What the MoU does illustrate is the somewhat half-hearted support of the Greek authorities for TAP. Last autumn, local authorities in northern Greece appeared somewhat reluctant to issue the necessary permits for pipelaying in a timely fashion, although this does not appear to have caused too many problems for TAP, which in January issued tenders for engineering, procurement and installation of control, communications and security systems and for delivery of some 1,550 km of fibre-optic cable.

Greek governments, of whatever political hue, always looked on ITGI as their favoured option, not least because it did not require transit across Albania. Since this option from the Turkish border is somewhat longer than TAP, because of the need to avoid Albania, it would require slightly more pipelaying in Greece and considerably more investment in the subsea crossing to Italy, which would be roughly twice as long as TAP's. Moreover, were the Poseidon subsea link ever to be built, Greece would also view it as a crucial link in a chain to carry gas from the eastern Mediterranean to markets in western Europe.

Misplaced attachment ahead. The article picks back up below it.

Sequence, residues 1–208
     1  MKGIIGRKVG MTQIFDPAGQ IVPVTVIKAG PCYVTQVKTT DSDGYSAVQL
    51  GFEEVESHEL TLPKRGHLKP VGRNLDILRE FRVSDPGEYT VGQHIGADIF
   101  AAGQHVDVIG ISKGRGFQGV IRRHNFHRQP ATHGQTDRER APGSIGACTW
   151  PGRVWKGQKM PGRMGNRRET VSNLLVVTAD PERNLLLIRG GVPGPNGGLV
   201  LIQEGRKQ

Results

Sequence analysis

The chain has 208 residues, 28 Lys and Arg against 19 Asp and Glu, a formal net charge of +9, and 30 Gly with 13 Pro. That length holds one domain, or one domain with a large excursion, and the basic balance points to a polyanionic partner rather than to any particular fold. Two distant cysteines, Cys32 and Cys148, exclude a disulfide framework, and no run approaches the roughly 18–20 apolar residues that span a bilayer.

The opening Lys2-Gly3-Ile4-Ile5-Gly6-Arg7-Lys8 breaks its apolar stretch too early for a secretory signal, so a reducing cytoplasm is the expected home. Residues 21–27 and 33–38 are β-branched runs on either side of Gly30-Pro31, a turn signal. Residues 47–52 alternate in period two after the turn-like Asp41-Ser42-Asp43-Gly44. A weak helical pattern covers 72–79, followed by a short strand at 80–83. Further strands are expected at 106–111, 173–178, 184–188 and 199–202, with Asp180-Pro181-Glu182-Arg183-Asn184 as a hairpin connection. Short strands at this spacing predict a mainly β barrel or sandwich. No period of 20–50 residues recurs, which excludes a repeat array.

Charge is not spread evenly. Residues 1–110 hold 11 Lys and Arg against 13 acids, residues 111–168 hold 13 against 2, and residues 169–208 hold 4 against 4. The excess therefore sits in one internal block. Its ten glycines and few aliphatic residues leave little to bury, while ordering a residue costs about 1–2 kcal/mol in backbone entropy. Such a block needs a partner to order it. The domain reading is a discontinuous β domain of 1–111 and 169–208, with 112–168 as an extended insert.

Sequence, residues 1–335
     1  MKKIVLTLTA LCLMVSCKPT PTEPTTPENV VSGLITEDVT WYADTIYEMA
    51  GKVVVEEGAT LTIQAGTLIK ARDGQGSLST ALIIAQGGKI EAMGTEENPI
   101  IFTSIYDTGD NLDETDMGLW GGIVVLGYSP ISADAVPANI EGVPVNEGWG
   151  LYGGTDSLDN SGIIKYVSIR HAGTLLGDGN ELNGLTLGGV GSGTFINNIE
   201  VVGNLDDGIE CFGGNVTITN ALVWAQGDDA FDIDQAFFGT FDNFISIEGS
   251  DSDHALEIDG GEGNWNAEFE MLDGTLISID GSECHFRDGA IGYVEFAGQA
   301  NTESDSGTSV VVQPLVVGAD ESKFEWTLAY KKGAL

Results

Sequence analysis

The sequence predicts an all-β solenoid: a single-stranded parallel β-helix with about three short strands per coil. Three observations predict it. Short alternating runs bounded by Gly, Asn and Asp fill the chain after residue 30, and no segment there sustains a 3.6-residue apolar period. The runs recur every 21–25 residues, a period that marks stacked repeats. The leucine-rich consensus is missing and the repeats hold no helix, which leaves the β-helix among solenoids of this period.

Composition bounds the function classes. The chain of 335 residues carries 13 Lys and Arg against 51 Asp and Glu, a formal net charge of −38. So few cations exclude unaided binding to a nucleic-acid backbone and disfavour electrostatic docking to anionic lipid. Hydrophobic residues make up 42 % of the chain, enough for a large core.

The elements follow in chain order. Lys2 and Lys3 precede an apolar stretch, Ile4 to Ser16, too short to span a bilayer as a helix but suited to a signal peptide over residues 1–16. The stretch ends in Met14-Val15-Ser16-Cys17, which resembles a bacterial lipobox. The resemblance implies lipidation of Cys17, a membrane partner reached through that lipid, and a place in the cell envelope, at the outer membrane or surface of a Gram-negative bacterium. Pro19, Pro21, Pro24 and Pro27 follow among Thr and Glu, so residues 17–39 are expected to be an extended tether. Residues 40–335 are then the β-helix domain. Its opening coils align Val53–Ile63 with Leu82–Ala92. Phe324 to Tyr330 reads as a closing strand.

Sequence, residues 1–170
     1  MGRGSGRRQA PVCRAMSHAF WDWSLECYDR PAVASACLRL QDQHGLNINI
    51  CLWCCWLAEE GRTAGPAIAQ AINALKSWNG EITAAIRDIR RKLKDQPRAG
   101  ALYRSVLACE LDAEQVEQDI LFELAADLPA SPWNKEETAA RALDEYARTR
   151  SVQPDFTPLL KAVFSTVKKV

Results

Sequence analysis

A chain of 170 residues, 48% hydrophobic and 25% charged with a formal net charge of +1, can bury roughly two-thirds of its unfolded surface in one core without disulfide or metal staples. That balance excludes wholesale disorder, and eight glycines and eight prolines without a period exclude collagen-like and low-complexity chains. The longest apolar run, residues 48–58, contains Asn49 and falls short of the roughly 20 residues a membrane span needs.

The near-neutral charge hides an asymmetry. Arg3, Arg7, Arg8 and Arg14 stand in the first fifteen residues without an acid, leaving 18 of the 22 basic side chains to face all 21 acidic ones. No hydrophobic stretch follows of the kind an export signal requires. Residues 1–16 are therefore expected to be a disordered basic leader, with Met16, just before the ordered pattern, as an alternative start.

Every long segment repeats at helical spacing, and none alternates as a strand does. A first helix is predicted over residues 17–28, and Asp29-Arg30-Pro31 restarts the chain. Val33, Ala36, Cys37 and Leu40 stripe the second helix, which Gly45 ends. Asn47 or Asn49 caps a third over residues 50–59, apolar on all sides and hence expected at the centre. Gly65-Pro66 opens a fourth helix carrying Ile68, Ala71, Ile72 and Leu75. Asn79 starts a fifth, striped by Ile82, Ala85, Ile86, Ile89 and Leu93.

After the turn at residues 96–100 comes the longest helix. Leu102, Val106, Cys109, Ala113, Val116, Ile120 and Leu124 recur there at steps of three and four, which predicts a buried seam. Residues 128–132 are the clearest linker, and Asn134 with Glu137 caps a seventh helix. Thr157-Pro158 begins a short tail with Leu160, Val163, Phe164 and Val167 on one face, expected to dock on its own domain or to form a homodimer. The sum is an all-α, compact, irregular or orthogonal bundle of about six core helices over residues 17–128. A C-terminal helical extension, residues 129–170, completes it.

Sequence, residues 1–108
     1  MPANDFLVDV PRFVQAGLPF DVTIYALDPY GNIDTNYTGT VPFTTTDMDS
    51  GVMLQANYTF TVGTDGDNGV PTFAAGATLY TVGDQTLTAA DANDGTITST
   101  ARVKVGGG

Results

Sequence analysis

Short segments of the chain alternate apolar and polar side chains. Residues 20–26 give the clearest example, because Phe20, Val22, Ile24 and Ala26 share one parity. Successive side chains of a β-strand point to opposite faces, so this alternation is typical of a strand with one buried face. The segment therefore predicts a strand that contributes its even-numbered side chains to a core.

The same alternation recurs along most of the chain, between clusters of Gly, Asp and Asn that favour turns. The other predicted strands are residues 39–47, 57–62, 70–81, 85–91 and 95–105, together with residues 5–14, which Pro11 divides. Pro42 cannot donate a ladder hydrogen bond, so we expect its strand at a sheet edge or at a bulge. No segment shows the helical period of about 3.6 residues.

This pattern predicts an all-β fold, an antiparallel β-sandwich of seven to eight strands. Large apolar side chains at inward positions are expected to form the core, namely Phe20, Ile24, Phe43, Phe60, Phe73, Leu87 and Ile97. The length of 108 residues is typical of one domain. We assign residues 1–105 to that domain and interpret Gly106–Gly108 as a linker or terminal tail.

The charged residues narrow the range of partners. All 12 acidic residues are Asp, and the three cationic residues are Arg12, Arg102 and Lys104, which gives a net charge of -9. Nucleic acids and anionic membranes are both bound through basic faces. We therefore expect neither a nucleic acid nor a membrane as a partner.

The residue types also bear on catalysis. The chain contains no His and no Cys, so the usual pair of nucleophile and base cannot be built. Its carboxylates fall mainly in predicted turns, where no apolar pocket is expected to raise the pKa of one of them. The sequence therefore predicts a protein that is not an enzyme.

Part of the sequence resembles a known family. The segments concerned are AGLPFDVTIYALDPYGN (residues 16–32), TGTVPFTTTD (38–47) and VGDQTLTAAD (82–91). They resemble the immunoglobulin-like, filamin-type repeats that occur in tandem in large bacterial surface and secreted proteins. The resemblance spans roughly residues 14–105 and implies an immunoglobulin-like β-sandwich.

So there is considerable logic to both Bulgarian and Greek aspirations for a revival of ITGI/ Poseidon, albeit to handle Russian rather than Azerbaijani gas. But whether Gazprom is really seeking to develop such a line, or whether it is simply seeking to spread mischief and mayhem in front of Europe's energy policy makers and the developers of the Southern Gas Corridor, may turn out to be quite another story.


John Roberts